Skip to main content

Review: Aura Xilonen's The Gringo Champion, Samanta Schweblin's Fever Dream and Carleigh Baker's Bad Endings

The Gringo Champion

By Aura Xilonen, translated by Andrea Rosenberg

Europa Editions, 320 pages, $23

Story continues below advertisement

Those familiar with Campeon gabacho in Aura Xilonen's original Spanish note its baroque style: Liborio, the teenage street-fighter narrator who at the novel's beginning works in a Spanish-language bookshop, eats a dictionary to understand poetry and spits out his words most often to cuss. Andrea Rosenberg's translation should be praised for rising to the challenge of invention: The Gringo Champion is, too, a Jabberwocky creation of slang, nonce and portmanteaux – meaning derived from words' mouthfeel as much as anything else. The scrappy vernacular is to match Liborio's story: an undocumented immigrant fleeing violence and abuse in Mexico, his short life thus far has been a series of beatings and scrapes, his time in the United States navigated between xenophobia and exploitation, hunted by immigration officers. Translated two years after its original publication in Mexico, The Gringo Champion arrives when it is urgently needed, its central question – whether Liborio can find stability amid circumstances that force him into perpetual fight or flight – of pressing political concern.

Fever Dream

By Samanta Schweblin, translated by Megan McDowell

Riverhead, 192 pages, $34

Shortlisted for the 2017 Man Booker International Prize for fiction in translation (which will be awarded later this month), Argentine writer Samanta Schweblin's debut novel has been categorized as environmental horror. Fever Dream opens in a country hospital in the aftermath of something gone terribly wrong, although it's not immediately clear what. Amanda, on holiday in the rural community with her young daughter, Nina, lies in bed dying while a strange, imperious child, David, questions her. In the dialogue that follows, Amanda recounts what she knows of David's experience with "the worms." Meanwhile, David interrogates Amanda's story, which she tells using her concept of "the rescue distance": how close she must keep to her daughter to sweep up Nina in the case of danger. But where is Nina? The nature of Fever Dream's horror is that even when the cause is specified (agricultural chemicals), the danger is diffuse. What is the rescue distance when the poison is in the water, the air, might be the very thing used to grow your food?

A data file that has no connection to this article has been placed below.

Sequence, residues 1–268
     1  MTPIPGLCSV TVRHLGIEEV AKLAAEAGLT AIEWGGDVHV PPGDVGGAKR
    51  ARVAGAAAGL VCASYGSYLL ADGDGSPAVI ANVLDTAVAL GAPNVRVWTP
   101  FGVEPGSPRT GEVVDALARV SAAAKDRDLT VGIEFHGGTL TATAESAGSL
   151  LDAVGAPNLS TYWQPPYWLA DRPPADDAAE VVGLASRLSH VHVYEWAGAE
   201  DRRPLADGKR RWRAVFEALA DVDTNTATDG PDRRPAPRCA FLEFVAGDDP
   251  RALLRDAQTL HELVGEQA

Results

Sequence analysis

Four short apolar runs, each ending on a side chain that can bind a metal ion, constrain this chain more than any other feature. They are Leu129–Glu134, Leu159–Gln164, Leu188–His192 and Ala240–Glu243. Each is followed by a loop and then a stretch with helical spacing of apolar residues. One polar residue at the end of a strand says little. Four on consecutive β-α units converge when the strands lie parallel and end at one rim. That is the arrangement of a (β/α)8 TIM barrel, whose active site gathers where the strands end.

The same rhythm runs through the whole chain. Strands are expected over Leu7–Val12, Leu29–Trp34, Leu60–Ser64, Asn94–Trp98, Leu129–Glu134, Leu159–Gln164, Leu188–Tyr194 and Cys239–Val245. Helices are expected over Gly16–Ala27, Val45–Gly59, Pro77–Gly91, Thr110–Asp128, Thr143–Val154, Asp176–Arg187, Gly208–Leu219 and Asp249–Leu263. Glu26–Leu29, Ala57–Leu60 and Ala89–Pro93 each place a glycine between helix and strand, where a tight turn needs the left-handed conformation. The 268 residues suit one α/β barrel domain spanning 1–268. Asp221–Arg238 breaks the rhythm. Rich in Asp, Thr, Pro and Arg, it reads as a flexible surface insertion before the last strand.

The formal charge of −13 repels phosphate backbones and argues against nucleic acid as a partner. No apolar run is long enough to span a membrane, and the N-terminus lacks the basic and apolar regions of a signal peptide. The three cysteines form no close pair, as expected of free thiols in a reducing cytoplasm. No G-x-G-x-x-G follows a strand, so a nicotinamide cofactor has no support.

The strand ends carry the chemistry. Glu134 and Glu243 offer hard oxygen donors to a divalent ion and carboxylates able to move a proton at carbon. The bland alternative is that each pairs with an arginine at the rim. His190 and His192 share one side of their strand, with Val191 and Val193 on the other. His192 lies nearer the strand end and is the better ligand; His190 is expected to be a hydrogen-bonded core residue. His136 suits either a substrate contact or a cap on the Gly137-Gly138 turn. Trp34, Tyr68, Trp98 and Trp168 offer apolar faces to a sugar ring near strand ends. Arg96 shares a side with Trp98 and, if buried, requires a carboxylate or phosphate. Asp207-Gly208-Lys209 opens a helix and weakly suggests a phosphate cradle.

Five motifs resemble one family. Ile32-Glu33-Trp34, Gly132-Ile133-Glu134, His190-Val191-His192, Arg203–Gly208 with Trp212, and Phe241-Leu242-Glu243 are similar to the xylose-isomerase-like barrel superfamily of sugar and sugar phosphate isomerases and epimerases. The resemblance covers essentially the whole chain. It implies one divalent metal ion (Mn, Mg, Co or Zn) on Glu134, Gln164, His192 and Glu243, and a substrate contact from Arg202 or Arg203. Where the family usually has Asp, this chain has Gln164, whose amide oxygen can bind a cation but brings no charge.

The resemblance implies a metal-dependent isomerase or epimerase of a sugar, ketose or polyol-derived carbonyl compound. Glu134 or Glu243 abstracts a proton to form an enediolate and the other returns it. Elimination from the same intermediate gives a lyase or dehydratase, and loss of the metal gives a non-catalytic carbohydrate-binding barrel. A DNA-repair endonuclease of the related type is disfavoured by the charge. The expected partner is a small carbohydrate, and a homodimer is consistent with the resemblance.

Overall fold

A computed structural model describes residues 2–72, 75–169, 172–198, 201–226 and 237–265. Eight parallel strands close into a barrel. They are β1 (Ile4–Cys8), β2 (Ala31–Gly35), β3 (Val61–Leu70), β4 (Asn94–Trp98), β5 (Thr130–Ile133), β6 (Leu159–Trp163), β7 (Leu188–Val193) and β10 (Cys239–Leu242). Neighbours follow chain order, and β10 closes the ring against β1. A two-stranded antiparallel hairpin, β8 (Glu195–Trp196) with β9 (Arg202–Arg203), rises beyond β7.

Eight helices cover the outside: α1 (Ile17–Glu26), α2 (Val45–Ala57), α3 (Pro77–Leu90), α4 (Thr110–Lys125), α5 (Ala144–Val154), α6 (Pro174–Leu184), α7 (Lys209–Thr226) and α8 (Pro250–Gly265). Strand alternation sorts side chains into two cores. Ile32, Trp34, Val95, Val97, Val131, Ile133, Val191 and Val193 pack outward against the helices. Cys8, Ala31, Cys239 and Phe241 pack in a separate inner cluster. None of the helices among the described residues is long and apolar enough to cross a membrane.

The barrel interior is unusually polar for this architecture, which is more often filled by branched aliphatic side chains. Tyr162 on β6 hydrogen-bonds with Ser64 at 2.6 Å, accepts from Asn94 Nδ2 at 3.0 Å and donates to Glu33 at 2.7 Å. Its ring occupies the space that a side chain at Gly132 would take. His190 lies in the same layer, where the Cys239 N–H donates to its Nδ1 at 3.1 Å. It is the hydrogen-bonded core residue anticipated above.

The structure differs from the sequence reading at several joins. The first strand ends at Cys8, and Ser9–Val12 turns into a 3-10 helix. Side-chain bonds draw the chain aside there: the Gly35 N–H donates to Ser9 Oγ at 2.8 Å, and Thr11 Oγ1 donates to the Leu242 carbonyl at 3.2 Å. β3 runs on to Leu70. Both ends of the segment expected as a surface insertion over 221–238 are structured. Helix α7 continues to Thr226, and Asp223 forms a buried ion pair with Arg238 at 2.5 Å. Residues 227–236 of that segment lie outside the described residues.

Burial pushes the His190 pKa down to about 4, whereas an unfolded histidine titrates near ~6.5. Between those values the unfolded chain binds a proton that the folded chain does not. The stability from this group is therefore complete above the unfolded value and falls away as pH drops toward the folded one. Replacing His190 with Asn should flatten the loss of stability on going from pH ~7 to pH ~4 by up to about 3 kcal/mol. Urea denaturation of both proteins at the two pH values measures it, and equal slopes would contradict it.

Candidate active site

Bad Endings

By Carleigh Baker

Story continues below advertisement

Anvil Press, 166 pages, $18

What would it mean to create an aesthetic around making things awkward? In last year's Awkward Politics, two feminist scholars invited readers to consider awkwardness as a means to understand so much 21st-century activism. Bad Endings, Carleigh Baker's debut collection of stories, feels as if it's on a similar wavelength, expressed in fiction. Being cheesy, engaging in inappropriate liaisons, squandering deathbed proclamations, making white people uncomfortable: It's awkward, but why is it awkward? Baker pushes readers to reconsider their desire for resolution. Eschewing the easy, the neat, the smoothed over, allows us to consider the things about ourselves we might not like. There's a political dimension to this. One thread running through this book is the threat of environmental collapse – drought, massive bee death, dwindling salmon stock – and humans' awkward interventions. Baker, who is Cree-Métis/Icelandic and was raised on Sto:lo territory, writes about the West Coast as an informed guest, a keen observer of contradiction and its implications.

Report an error Editorial code of conduct
Comments

Welcome to The Globe and Mail’s comment community. This is a space where subscribers can engage with each other and Globe staff. Non-subscribers can read and sort comments but will not be able to engage with them in any way. Click here to subscribe.

If you would like to write a letter to the editor, please forward it to letters@globeandmail.com. Readers can also interact with The Globe on Facebook and Twitter .

Welcome to The Globe and Mail’s comment community. This is a space where subscribers can engage with each other and Globe staff. Non-subscribers can read and sort comments but will not be able to engage with them in any way. Click here to subscribe.

If you would like to write a letter to the editor, please forward it to letters@globeandmail.com. Readers can also interact with The Globe on Facebook and Twitter .

Welcome to The Globe and Mail’s comment community. This is a space where subscribers can engage with each other and Globe staff.

We aim to create a safe and valuable space for discussion and debate. That means:

  • All comments will be reviewed by one or more moderators before being posted to the site. This should only take a few moments.
  • Treat others as you wish to be treated
  • Criticize ideas, not people
  • Stay on topic
  • Avoid the use of toxic and offensive language
  • Flag bad behaviour

Comments that violate our community guidelines will be removed. Commenters who repeatedly violate community guidelines may be suspended, causing them to temporarily lose their ability to engage with comments.

Read our community guidelines here

Discussion loading ...

Due to technical reasons, we have temporarily removed commenting from our articles. We hope to have this fixed soon. Thank you for your patience. If you are looking to give feedback on our new site, please send it along to feedback@globeandmail.com. If you want to write a letter to the editor, please forward to letters@globeandmail.com.
Cannabis pro newsletter